I got a hand-me-down home trainer and I want to use it with my disc road bike (with a rear dropout spacing of 135mm). To keep the budget low, I want to use an old 130mm wheel. My dropouts are for Quick Release

Can I use some kind of spacers (on the non drive side?) to achieve that?

Since it's on a home-trainer I don't need to brake, so there is no problem of rotor/caliper alignment. However it would be great if I didn't have to tune my rear derailleur each time I swap wheels.

Is it doable or should I just look for a cheap second-hand 135mm wheel?

  • Practically speaking, you can get away with flexing rear dropouts +/- 5mm or so on most frames with minimal difficulty -- spacers may help but are not required. Feb 28, 2019 at 22:28
  • Leave the rear rotor off completely. Use a caliper wedge (like what is fitted for shipping) Is it a QR based wheel? You're more likely to damage the old wheel than the frame, IMO.
    – Criggie
    Feb 28, 2019 at 23:09

1 Answer 1


Can I use some kind of spacers (on the non drive side?) to achieve that?

TLDR: Try it, see if it works.

Full answer:

Maybe, depending on how much clearance your frame and rear brake have. 5 mm really isn't that much. But without redishing the wheel the tire will be about 2.5 mm off center. Given most newer road bikes are built to accept 25 tires and quite likely even 28s, you may have to stick to a 23 trainer tire, and even that might not fit.

If your bike is designed to handle 28s, you can probably get away with it without much trouble.

There's also the possibility that the 130 mm rear wheel interferes with your disk brake somehow. I don't see any way to work around that, should the wheel and disk brake caliper interfere, as any redishing would move the rim and spokes closer to the brake components.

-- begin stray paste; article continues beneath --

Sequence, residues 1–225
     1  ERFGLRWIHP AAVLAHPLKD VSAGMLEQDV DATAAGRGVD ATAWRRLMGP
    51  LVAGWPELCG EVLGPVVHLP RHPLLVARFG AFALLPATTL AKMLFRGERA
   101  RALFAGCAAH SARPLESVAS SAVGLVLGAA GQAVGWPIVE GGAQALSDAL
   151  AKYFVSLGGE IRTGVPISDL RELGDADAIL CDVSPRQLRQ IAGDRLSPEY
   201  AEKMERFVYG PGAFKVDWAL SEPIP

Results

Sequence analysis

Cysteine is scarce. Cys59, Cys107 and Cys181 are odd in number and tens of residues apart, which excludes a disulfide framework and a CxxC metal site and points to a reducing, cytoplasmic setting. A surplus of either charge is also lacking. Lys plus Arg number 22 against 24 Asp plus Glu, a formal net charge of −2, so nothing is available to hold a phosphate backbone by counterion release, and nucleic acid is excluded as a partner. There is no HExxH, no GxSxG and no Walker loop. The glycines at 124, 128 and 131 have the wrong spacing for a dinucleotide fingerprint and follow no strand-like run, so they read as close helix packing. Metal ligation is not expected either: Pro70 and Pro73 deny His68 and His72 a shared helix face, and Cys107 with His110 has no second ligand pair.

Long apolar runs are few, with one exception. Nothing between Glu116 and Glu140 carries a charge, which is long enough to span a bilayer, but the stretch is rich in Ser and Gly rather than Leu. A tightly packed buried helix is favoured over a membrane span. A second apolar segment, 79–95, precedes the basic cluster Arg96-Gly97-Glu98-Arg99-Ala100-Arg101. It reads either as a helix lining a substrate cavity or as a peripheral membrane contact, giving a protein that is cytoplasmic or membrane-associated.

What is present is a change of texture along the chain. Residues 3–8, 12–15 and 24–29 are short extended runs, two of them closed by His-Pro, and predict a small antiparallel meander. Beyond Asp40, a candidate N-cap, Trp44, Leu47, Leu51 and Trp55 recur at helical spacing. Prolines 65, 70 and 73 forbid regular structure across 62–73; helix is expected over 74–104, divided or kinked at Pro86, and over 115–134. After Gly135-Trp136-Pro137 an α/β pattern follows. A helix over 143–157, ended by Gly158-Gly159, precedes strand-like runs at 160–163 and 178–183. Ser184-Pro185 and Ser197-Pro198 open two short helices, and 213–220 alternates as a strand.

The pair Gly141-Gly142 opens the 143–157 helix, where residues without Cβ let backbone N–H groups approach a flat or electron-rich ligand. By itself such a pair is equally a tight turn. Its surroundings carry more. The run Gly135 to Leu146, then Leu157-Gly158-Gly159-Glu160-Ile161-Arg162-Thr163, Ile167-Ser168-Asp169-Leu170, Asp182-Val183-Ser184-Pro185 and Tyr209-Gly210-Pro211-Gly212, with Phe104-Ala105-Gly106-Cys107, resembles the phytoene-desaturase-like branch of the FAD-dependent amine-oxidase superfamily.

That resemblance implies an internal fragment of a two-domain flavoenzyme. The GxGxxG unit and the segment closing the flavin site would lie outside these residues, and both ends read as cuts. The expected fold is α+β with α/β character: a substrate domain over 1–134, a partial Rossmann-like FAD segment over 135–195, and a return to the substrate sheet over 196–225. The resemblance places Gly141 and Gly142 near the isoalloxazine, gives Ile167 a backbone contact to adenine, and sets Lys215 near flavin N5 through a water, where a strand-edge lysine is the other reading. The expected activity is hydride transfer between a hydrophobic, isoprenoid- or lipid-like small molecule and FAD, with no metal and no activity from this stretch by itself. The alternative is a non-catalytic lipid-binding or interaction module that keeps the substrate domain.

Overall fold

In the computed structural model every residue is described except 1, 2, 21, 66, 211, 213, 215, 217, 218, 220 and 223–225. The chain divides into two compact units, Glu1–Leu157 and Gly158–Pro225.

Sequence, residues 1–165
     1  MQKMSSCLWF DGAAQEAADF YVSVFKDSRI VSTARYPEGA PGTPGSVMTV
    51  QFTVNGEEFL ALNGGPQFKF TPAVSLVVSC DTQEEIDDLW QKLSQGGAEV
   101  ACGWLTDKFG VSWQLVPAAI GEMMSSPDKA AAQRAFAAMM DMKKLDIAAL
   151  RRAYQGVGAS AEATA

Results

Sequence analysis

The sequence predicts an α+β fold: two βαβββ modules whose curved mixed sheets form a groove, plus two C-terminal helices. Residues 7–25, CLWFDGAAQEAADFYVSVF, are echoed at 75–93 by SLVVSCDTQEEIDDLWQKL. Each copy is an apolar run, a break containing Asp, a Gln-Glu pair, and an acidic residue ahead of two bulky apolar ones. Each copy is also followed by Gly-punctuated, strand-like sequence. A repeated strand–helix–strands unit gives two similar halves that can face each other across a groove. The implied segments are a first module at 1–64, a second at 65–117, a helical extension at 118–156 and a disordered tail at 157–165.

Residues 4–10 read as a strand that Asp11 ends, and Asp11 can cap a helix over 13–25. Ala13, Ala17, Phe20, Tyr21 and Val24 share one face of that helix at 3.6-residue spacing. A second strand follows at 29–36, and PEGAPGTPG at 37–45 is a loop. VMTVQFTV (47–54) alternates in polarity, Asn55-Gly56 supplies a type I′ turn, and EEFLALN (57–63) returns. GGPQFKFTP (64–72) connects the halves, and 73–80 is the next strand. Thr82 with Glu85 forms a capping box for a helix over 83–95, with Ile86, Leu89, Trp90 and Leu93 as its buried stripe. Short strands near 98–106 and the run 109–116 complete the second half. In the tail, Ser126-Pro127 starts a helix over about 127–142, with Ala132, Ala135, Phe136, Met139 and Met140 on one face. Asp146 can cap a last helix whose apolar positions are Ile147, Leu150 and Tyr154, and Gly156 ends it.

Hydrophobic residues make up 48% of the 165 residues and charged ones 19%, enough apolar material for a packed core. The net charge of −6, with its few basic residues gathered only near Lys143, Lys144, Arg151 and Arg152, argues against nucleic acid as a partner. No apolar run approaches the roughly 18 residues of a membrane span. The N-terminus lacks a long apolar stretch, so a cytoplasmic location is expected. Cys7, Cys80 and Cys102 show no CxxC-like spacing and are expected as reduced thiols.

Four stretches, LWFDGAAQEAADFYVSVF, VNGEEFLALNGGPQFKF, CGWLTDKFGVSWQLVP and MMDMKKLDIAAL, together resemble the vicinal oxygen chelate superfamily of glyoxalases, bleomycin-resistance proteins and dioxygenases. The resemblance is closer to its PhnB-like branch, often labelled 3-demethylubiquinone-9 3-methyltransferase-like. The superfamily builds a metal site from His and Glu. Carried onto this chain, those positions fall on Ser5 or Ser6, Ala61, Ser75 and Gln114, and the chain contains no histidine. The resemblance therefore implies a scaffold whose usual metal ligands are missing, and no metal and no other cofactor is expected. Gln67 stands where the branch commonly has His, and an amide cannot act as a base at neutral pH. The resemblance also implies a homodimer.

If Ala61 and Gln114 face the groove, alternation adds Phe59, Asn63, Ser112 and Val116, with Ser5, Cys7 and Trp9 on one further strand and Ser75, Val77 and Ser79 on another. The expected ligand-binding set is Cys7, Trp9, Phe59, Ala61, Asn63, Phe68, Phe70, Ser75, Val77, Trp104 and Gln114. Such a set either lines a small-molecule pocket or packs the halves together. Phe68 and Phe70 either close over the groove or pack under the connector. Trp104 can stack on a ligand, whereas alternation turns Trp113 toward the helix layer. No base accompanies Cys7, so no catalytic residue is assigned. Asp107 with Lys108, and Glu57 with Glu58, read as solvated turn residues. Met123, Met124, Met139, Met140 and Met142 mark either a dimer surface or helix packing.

And you'll be lucky if you don't have to tune your rear derailleur at all with such a wheel swap, but you likely won't have to adjust the limit screws. Some tweaks on the barrel adjuster will almost certainly be needed, as what you're proposing to do is should translate to a "normal" wheel swap, and such swaps often do require small adjustment to the barrel adjuster as the hubs on the wheels being swapped are just a bit different.

  • 2
    Also look at the axle - I presume it s a QR, will there side with the spaces have enough axle exposed to allow for easy installation of wheel?
    – mattnz
    Feb 28, 2019 at 18:58
  • 2
    Make sure you add some type of shim to the brake caliper to keep the pads apart. You want to make sure you don't accidently squeeze the brake and over extend the brake piston.
    – mikes
    Feb 28, 2019 at 21:26
  • @mikes I'm also assuming in this answer that the old wheel doesn't have a brake disk. Mar 1, 2019 at 10:29
  • I have some doubts about the stability and with that the safety of the conversion. Reason: on a friction trainer, which I assume it is, the bike is clamped via the rear QR holding the wheel and the rear triangle to the trainer. This connection is submitted to a lot of forces in many directions and must be bomb-proofed. Any play there might result in catastrophic failure.
    – Carel
    Mar 3, 2019 at 18:36

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